Categotry Archives: X11

0

How to install the nvidia video driver in Debian

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original post here

Thanks to @jelly-home on #debian for getting me unstuck.

Couple of steps involved. It’s not that hard, but the post above makes it harder then it needs to be.

Let’s make sure the device is NOT black listed first.

egrep -r -i “black” /etc/modprobe.d/* | grep -i “nv”

1. Go into the Synaptic Package Manager (System/Administration/Synaptic Package Manager) and add the Debian Non-Free Software as shown.

Debian Non-Free Software

NOTE: At this point I jump to command line, but the following could be done in Synaptic as well.

2. Install the nvidia Dynamic Kernel Module Support

Note: this assumes sudo works on your debian box, or you will have to su root


sudo apt-get install nvidia-kernel-dkms

Before we reboot, let’s fix X.

3. We need to change xorg.conf, so it loads the proper driver.

As always anything the begins with an octothorpe (#) is a comment and does NOT need to be coded.


cd /etc/X11 # change to the X directory
ls

if there IS an xorg.conf file (I did NOT have one) make a backup copy:


sudo cp xorg.conf xorg.conf.bkup

Now edit or create xorg.conf file:


sudo nano xorg.conf

and the contents need to be:


Section "Screen"
Identifier "Default Screen"
DefaultDepth 24
EndSection

Section "Module"
Load "glx"
EndSection

Section "Device"
Identifier "Default Device"
Driver "nvidia"
Option "NoLogo" "True"
EndSection

Control + o to write, control + x to exit.

NOTE: If this /etc/X11/xorg.conf file looks familiar, it should! This is the same file off of 64 bit Ubuntu 10.10 Livecd. (Ubuntu to fix Debian!)

And then reboot.

4. to confirm the correct driver:


grep -i glx /var/log/Xorg.0.log

and you should get output that looks like:

(II) “glx” will be loaded. This was enabled by default and also specified in the config file.
(II) LoadModule: “glx”
(II) Loading /usr/lib/xorg/modules/extensions/libglx.so
(II) Module glx: vendor=”NVIDIA Corporation”
(II) NVIDIA GLX Module 195.36.31 Thu Jun 3 08:59:25 PDT 2010
(II) Loading extension GLX
(II) Aug 21 14:27:19 NVIDIA(0): Support for GLX with the Damage and Composite X extensions is
(==) Aug 21 14:27:20 NVIDIA(0): Enabling 32-bit ARGB GLX visuals.
(II) Loading extension NV-GLX
(II) Initializing extension GLX

Enjoy video goodness!

Thanks jelly-home

Wayno

0

A mini guide on converting from Ubuntu to Debian

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How to convert from Ubuntu to Debian

This article will encompass a LOT of previous posts. This is NOT recommended for n00bs.

1. While you are downloading the Debian iso, it would be a good first step to backup /home/ and /etc/.

2. You can find simple rsync backup/restore scripts here.

3. Once the debian iso is downloaded, you should md5sum check it first. You can find the debian cd iso image checksums here.

4. Burn the iso (not copy to a cd – why this is NOT for n00bs) to a cd or dvd, depending on what you downloaded.

5. Installing from the DVD is quite different then Ubuntu. This is NOT a live cd, so you can’t experiment first.

The rest of this article will ass/u/me that you were able to install Debian sucessfully. Configuring Debian, requires some work!

1. The first thing that bit me in the buttocks (can we say that here?) – is rebranded software. You won’t find Firefox or Thunderbird. Instead you will find re-branded software. So icedove instead of Thunderbird, and IceWeasel instead of Firefox. Those are in the Debian Repositories. The problem with re-branded software, is that it is NOT upstream compatible. You can always choose to install the branded stuff (Firefox/Thunderbird) from the Mozilla site. If you need 64 bit Firefox or Thunderbird you can get find that here.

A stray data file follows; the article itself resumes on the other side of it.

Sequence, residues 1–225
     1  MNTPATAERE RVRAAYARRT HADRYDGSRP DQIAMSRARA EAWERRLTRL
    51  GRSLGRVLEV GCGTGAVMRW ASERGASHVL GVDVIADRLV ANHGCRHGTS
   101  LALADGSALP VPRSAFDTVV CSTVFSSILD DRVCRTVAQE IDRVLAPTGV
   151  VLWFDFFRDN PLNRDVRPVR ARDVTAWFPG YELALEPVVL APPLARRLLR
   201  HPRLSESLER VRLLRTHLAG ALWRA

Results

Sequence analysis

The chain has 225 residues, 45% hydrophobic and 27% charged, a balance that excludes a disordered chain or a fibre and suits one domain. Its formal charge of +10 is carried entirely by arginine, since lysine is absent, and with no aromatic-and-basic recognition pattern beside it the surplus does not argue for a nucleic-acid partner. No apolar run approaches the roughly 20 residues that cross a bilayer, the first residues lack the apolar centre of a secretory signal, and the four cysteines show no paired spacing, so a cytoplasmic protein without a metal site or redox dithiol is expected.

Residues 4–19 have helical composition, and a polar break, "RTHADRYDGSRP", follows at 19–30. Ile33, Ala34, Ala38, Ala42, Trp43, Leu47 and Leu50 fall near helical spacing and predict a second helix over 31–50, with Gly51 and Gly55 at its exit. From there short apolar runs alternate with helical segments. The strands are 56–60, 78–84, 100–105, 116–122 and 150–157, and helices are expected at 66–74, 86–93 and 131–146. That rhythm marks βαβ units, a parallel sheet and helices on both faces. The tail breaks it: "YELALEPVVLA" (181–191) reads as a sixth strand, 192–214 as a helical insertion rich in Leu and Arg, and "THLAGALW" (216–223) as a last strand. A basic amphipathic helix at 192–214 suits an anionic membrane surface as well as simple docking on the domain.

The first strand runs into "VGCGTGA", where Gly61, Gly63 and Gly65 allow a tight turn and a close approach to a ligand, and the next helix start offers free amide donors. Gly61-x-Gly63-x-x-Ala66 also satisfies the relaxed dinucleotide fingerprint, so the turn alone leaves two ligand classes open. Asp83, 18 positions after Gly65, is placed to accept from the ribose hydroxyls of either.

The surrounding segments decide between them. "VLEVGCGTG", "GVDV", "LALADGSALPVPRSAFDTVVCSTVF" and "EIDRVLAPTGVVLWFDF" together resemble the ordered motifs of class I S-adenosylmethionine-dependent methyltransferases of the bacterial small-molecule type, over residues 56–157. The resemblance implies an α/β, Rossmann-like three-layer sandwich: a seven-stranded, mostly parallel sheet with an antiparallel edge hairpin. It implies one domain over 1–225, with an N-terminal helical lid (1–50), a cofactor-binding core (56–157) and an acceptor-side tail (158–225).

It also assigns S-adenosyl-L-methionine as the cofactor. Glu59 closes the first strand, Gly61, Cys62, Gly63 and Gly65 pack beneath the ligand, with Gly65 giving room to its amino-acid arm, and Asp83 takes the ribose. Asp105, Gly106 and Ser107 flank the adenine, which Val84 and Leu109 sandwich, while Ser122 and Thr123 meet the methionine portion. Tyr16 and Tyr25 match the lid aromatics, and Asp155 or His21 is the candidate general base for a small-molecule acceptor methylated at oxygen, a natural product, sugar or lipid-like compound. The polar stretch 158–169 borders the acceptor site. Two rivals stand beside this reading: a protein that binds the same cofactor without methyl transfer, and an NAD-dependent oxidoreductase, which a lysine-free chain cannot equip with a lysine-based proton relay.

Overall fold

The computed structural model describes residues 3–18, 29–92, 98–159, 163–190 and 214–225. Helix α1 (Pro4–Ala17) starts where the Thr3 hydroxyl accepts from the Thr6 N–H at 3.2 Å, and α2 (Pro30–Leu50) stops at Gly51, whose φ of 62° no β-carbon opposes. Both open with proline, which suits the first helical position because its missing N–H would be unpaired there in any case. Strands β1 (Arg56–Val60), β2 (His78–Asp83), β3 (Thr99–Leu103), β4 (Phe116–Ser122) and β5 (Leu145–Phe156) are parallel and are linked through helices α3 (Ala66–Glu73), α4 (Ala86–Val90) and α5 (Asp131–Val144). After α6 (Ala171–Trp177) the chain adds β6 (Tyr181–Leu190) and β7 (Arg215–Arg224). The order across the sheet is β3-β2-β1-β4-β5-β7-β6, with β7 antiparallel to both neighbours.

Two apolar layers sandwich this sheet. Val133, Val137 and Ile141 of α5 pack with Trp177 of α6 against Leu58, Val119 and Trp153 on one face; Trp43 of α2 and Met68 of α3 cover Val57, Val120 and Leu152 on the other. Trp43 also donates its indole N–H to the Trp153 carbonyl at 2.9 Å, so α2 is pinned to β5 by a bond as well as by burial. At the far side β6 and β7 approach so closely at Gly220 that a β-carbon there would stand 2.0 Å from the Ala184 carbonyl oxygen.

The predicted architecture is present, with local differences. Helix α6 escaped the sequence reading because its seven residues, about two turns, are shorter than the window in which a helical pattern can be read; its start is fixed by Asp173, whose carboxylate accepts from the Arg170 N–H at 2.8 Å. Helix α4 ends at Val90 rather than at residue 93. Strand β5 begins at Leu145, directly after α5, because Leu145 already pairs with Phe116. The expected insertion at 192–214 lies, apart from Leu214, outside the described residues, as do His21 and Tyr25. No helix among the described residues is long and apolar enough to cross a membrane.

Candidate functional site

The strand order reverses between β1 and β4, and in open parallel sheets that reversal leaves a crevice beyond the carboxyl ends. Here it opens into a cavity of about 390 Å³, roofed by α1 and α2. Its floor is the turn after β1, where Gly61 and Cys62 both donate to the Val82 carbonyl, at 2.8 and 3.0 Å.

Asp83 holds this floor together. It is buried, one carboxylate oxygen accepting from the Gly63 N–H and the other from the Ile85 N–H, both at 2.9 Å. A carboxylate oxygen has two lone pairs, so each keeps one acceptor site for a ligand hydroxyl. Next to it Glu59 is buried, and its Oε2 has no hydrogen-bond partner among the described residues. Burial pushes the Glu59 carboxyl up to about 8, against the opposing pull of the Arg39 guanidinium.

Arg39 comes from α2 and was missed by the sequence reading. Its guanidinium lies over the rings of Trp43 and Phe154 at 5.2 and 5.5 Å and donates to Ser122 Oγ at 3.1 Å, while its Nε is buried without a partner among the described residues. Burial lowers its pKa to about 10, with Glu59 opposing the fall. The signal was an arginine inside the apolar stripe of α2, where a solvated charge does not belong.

NOTE: the following code block assumes sudo (#3 below is fixed:)

As always anything with an octothorpe (#) is a comment and need not be coded.


sudo apt-get install icedove # get the re-branded thunderbird
sudo apt-get install iceweasel # get the re-branded firefox

2. The second thing is .profile so you will want to deal with that next.

3. Next, was how to easily do sudo in debian

By default – sudo does NOT work in Debian. And as you know, you get sort of used to using sudo in Ubuntu. There are some crazy ideas on how to fix this, but this is pretty easy and straight forward.

4. You probably need java run time

Guess what? That does NOT come pre-installed on Debian! You can easily add the java runtime environment (jre) for Debian.

5. if you need to restart the gdm in Debian, it’s gdm3 NOT gdm as in Ubuntu. So


sudo service gdm3 restart

6. By default, /usr/sbin is NOT in your path in Debian, but is in Ubuntu. How to fix? This was a little more complicated then I thought. But Joe had a neat fix! (so none of the system tasks are available – things like I dunno gparted, vsftpd, useradd, etc — are not accessible.)

By default, when Linux comes up, it executes /etc/profile. Within /etc/profile it sources /etc/profile.d/bashrc.local.sh

What do I mean by “sources?” Joe explains:

Executing a script is the normal way to do it. The script executes, then it exits, and it’s environment is gone forever.

When you source a script, you execute all the commands in the script and (it) remain(s) in the environment – keeping all changes made to same.

execute: /path/to/script.sh

source: source /path/to/script or more succinctly:

. /path/to/script

And that is what the following script does/ It uses a function called pathmunge to add the missing paths:


# /etc/bashrc.local.sh for Linux
#
# Local environment variables
#
export ORGANIZATION="Mirai Consulting"

#if [ $SHELL == '/bin/bash' ]; then